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Cost Reduction for Live Music Events.

Andy Robertson

As most regular live music events and music festivals this year have been cancelled hopefully re-emerging in 2021 controlling ongoing fixed costs could be the key to survival. How can event organisers control costs without impacting on their overall business particularly in relation to staff and customer satisfaction.     


When a large event gets cancelled some event organisers go straight into cost cutting mode with a focus on financial survival. However, organisers need to be more creative, compassionate and thoughtful about how they manage costs when revenue suddenly stops.

For music festival organisers by March this year most if their tickets had actually sold out or been very close to being sold out. This business model can work great for cash flow because they have a large proportion of the event revenue up front, however there has been some churn in refund requests although probably not as much as many organisers were expecting. Any expected revenue from sponsors and vendors has almost certainly not materialised and could leave many facing financial difficulty. Some have resorted to crowdfunding and/or taken advantage of various government initiatives to financially support them into next year.

Suppliers.
Event organisers will hopefully have transferred any bookings made into 2021 but it is wise to maintain communication and good terms with all suppliers rather than simply cancelling everything without a further thought. Perhaps it's possible to commit to future bookings and add in a financial deposit to maintain goodwill.

Staff.
The backbone of any event organising business is the staff they employ and they should be a priority in these difficult times. If possible, make staff cuts the last thing to look at when reducing costs and at all times maintain a constant dialogue informing them of any financial difficulties, equally don’t make false promises, just be honest. Look at government supported options for furloughing staff or negotiating reduction in salaries as alternatives to redundancies. Loyal staff are a key asset and when business picks up, they are not easily replaced.

Customers. 
Ticket buyers have generally been supportive of the live events industry and this relies on regular communication via email or other social media platforms. Have a member of the marketing team responsible for implementing a regular update and communication strategy to engage with customers.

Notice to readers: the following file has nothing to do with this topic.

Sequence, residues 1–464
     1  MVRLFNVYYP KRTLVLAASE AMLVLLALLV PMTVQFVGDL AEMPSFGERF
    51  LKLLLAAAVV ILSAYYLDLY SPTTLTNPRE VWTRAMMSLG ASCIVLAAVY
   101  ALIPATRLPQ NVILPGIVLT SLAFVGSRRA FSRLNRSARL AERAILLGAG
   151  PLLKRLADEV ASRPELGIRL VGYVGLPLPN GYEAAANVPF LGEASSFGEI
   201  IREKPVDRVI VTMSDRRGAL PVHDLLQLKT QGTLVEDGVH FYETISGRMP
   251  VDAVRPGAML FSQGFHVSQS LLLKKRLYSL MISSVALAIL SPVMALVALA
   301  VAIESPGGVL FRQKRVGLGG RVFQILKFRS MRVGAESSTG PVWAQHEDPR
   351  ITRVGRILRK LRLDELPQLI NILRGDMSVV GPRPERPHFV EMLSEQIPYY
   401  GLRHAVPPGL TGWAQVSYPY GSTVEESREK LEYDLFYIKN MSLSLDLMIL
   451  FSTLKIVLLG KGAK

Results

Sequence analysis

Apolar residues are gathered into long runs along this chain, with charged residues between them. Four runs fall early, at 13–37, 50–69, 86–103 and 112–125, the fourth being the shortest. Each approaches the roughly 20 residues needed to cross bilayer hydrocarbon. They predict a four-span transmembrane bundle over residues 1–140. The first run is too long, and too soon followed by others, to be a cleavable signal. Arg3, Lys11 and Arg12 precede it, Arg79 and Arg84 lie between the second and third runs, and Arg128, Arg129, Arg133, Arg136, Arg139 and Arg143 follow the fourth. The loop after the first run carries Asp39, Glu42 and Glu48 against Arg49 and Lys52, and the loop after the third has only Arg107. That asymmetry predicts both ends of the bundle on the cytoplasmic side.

Artists.
If booking deposits are required for future events try entering into negotiations with the artist’s management team about perhaps reducing this. Everyone is aware of the impact on live performances and it may be surprising how flexible they will be.

Marketing.
Spend on marketing is usually the first and most obvious cost to be cut, however marketing activities can be refocused on more low-cost alternatives. Stick to social media engagement and other online tools which incur zero costs yet maintain engagement with ticket paying customers. Get the marketing team to focus on these free online tools and get them to create content for social sharing rather than advertising in the media.

All these factors will keep costs down and maintain the live event or music festival brand. The whole live music events industry is in this together and businesses should do their utmost to support each other with constant communication and sharing the cost burden where possible.

When using a live music event software management platform like FestivalPro users get all the functionality they need to understand their costs and cash flow. The guys who are responsible for this software have been in the front line of event management for many years and the features are built from that experience and are performance artists themselves. The FestivalPro platform is easy to use and has built in features that help marketing teams with social media and record contract agreements made with suppliers and performance artists.   

Andy Robertson
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